They could not otherwise keep their cattle, and having oxen grown they must have land for plowing and tillage. And no man now thought he could live except he had cattle and a great deal of ground to keep them, all striving to increase their stocks. By which means they were scattered all over the Bay quickly[,] and the town in which they lived compactly till now was left very thin and in a short time almost desolate.

This is not merely history. It is a parable.

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Jason Peters
Jason Peters professes English at Augustana College in Rock Island, Illinois, where he teaches courses in Milton, the Catholic novel, Environmental literature, British Romanticism, and American literature prior to 1900.  While in Illinois he pines for the mysterious and musical tea-colored trout streams of his native Michigan, whither he is trying to repatriate full-time in order to raise cattle and chickens, make beer, and scourge the follies of higher ed.  (Read an attempt here.) His work has appeared in such places as the ­Sewanee Review, the South Atlantic Quarterly, English Language Notes, Explicator, American Notes and Queries, Christianity and Literature, Orion, First Principles, University Bookman, and the Journal of Religion and Society. He is also the editor of Wendell Berry: Life and Work (University Press of Kentucky 2007), Land! The Case for an Agrarian Economy, by John Crowe Ransom (University Press of Notre Dame, 2017), and co-editor of Localism in the Mass Age: A Front Porch Republic Manifesto (FPR Books, 2018). Currently he is building a fly rod and juggling just enough writing projects to prevent his completing any of them: an account of his repatriation efforts (tentatively titled Dispatches from Dumb-Ass Acres, by a Dumb Ass), another book on Wendell Berry, another on food (tentatively titled The Culinary Plagiarist: (Mis)Adventures of a Thieving Gourmand), and yet another on that neglected genius, Owen Barfield. He has tried to break life-long debilitating addictions to basketball and golf but has been woefully unsuccessful. Peters visits Rock Island on school days but otherwise lives in Williamston, Michigan, with his longsuffering wife, their three children, and his two arthritic knees.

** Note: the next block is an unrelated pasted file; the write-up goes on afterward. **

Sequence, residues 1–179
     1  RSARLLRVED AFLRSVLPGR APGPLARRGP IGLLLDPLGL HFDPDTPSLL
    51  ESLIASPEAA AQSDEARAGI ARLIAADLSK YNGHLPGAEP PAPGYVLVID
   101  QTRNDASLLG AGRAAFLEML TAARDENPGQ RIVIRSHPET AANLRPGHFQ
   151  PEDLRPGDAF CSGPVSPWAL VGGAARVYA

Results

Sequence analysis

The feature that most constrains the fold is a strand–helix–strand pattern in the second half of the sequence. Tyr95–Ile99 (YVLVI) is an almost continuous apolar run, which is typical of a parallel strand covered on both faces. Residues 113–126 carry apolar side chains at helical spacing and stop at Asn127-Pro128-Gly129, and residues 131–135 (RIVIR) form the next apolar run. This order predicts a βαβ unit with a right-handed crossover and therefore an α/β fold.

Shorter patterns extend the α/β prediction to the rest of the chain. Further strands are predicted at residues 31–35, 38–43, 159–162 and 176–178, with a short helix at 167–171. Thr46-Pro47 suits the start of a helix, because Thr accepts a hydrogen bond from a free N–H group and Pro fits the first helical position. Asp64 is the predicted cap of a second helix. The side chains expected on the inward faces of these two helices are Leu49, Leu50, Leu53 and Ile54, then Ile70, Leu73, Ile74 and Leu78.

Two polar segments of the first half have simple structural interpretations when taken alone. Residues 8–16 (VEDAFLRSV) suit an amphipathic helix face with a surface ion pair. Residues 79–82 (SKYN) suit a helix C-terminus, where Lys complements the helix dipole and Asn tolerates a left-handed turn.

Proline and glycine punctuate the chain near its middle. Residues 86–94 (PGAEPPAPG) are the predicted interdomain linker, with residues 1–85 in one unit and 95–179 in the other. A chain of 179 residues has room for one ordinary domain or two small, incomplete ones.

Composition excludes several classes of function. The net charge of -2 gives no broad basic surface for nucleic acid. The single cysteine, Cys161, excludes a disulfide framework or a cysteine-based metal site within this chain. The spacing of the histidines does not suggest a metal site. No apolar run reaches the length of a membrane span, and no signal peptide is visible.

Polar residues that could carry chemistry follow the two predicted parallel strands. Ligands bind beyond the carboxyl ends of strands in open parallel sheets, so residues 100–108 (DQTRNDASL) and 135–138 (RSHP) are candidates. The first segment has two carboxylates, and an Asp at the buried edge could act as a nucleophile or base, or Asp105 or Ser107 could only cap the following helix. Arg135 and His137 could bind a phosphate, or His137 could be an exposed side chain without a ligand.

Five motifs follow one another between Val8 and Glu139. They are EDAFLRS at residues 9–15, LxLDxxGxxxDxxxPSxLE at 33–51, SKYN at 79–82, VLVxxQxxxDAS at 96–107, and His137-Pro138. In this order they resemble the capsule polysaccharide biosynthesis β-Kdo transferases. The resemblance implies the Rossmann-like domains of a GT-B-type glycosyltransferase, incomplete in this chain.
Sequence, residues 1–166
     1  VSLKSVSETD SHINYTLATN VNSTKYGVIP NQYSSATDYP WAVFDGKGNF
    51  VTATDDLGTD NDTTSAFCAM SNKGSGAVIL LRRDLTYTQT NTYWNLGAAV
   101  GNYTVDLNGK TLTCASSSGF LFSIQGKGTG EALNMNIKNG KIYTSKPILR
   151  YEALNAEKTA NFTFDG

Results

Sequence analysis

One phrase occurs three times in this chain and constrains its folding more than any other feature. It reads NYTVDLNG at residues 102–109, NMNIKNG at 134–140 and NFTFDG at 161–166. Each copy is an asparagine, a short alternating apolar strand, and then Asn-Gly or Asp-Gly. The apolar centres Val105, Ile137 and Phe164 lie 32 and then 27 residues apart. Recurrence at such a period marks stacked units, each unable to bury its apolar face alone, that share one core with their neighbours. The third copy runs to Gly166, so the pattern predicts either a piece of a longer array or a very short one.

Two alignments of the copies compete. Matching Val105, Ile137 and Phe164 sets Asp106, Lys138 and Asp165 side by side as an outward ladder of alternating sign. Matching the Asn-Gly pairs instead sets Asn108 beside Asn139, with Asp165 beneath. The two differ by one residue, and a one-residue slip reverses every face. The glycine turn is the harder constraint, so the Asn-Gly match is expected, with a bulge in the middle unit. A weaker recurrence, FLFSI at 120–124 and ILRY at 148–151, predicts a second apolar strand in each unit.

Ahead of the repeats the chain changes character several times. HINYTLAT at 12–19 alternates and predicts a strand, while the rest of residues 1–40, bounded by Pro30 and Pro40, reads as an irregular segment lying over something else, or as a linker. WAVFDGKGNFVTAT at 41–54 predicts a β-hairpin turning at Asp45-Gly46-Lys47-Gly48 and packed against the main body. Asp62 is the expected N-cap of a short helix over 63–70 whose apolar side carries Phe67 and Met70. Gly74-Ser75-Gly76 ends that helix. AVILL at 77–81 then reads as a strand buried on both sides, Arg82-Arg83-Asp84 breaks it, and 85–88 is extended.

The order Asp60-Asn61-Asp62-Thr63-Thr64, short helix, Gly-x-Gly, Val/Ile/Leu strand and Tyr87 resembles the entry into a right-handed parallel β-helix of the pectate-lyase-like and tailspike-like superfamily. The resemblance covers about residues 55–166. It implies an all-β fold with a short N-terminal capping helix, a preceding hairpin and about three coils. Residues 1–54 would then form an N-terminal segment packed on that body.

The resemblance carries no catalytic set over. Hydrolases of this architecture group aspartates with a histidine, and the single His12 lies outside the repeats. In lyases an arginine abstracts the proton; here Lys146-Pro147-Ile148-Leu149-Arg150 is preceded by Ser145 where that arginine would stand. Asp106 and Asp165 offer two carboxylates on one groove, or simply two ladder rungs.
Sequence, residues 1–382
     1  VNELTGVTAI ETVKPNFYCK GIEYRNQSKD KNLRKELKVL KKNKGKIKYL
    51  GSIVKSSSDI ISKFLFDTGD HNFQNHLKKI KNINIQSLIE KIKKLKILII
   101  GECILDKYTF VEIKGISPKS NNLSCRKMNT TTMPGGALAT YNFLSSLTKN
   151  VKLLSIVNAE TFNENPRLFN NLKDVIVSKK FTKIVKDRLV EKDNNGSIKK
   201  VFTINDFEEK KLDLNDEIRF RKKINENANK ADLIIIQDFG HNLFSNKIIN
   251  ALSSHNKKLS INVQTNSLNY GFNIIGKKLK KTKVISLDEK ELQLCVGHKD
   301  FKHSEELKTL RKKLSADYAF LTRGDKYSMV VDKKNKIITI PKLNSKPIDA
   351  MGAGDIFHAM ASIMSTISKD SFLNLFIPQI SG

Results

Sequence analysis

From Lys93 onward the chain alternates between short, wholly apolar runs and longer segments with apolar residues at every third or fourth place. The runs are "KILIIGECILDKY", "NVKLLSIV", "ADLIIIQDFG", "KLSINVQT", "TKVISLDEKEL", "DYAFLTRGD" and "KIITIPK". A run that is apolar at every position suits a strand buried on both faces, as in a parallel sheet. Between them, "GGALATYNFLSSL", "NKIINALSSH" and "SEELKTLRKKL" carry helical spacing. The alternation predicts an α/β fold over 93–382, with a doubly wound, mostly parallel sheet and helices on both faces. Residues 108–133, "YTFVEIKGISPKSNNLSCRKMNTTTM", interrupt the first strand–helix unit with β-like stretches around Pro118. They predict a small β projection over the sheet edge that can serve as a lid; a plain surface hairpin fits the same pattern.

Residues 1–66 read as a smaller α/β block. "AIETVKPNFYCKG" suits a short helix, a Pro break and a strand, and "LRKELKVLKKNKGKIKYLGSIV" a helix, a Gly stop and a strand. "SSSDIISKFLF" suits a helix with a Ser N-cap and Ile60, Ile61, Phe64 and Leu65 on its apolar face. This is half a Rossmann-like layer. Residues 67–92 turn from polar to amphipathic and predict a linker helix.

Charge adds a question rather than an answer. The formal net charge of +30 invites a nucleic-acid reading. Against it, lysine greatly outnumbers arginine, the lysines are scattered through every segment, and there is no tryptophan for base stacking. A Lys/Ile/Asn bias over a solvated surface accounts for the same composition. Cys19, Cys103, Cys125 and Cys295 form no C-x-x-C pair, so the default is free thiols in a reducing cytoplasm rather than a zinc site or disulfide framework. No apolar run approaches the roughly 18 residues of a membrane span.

4 COMMENTS

  1. “TULIP” was something I had to look up; I’d never heard of it before. The concept of double predestination was the only thing I’d really remembered from the time we spent studying Calvin.

    I have nothing to add, really, other than that I found the article to be very interesting and Berry’s points (as well as Maclean’s quote) to be true. Man’s nature (particularly in regard to his need for grace) has not and will never change. I suppose that men have been fascinated and taken in by novelty in every age as well, though it seems we’re certainly worse in that regard than our grandfathers were.